At the end of 2015/beginning of 2016, Rosabelle’s behavior started to noticeably change. She had a thundershirt and countless other dog shirts because she seemed to like wearing clothes and at times it seemed to help calm her down a little because she felt secure. Her aggression towards people started to get a lot worse. If she saw someone she didn’t know she would lunge, aggressively bark, and even start foaming at the mouth if she wanted to get to them bad enough. I even had to start walking Anubis and Rosabelle separately because they would both get worked up, Rosabelle more so, when they would see a person and sometimes exhibit reverse aggression and start fighting each other. I would start walking Rosabelle at night time to still try to get her walk in while at the same time trying to avoid people as much as possible.  Most of our car rides at this point consisted of her constantly aggressively barking at any person she could get her eyes on. It was starting to be a stressful task just to take her outside to use the bathroom. People are very ignorant and think that every dog in the world is friendly and ignore the fact that NC has a leash law. I was constantly cussing people out in my apartment complex for letting their dogs run loose. If any of them had ever run up to Rosabelle theres no telling what she would have done. She eventually became extremely dog aggressive with no prior cause just like her people aggression. I had her at work one day for daycamp and she was already outside. I had brought a group of three dogs down to go out in her group and as soon as I opened the door Rosabelle lunged inside, locked on to this one dog I was holding, and would not let go. It took about four or five of us and a kick in the face to finally get her to let go of the dog I was holding. She attacked two other dogs after that over the next month or two for no reason at all. I stopped bringing her to work because it proved to be too stressful for her to be there anymore. Why? I’ll never be able to figure it out. It also became difficult to have people over to my apartment with the way Rosabelle was. I would keep her crated and she would just about tear the crate apart trying to get out to get to the person she didn’t know. We added trazadone on top of her fluoxetine to see if it would help in any way make her anxiety or aggression any better. It seemed to work a little bit after she had been on it for about a month. But then one night while we were playing on the floor, for the first time ever, Rosabelle got aggressive with ME. My heart was shattered because I was supposed to be her person. But then a couple days later at work she attacked her brother Anubis outside because she was trying to get at another dog and he got in the way. I wanted to give her the benefit of the doubt, but her behavior had changed so drastically and without visual cause. Rosabelle had never been beaten by a person nor had she ever been attacked by another dog. Nothing made sense.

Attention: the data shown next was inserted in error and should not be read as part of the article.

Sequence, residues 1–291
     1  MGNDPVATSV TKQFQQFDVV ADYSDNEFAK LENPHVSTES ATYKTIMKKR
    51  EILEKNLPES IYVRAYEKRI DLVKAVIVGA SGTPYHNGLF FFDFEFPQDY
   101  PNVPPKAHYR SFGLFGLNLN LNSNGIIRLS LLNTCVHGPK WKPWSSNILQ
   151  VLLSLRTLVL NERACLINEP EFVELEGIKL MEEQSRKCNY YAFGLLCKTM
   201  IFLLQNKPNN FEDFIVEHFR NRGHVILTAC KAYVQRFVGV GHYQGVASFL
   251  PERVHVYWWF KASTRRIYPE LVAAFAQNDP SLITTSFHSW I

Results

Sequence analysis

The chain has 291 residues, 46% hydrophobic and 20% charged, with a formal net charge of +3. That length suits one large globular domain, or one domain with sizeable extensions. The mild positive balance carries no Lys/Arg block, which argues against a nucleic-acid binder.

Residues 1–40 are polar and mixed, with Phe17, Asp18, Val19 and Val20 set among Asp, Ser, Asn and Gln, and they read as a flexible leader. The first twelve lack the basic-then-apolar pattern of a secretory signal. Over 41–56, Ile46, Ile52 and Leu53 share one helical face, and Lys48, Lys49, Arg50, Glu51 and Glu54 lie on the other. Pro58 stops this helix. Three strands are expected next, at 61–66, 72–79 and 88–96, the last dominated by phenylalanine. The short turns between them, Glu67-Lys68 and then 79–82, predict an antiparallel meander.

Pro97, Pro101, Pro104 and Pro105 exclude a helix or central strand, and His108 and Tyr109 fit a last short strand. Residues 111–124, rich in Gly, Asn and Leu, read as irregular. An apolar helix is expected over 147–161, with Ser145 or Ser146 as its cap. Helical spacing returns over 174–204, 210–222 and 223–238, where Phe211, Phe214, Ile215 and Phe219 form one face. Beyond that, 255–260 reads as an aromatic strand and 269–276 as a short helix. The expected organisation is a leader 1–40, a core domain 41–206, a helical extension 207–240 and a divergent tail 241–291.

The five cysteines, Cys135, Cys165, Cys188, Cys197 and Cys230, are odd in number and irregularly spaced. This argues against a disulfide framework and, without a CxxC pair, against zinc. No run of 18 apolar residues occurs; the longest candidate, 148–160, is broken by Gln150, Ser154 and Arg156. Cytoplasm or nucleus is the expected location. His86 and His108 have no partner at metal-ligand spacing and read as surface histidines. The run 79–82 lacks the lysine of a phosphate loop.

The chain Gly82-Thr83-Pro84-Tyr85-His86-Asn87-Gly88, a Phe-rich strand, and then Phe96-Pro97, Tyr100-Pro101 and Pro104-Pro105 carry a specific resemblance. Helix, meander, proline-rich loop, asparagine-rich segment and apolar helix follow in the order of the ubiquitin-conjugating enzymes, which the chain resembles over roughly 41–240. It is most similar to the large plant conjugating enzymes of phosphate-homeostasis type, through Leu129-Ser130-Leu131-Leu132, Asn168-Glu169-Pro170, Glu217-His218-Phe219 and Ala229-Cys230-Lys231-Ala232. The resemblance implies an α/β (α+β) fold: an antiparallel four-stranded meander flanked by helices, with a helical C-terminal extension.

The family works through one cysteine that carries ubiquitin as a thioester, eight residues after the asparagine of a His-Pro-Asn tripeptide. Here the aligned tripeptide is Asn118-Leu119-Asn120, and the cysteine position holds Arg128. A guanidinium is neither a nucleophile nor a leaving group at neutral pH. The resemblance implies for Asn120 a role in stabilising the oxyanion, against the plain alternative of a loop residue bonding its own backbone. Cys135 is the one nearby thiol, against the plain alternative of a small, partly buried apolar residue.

One day while I was at work I had an idea as to why her behavior might have changed so drastically and so I went down to talk to one of her doctors. There was a possibility that Rosabelle had a brain tumor. Brain tumors are one of the most common types of cancer in boxers. I had a lot to think about.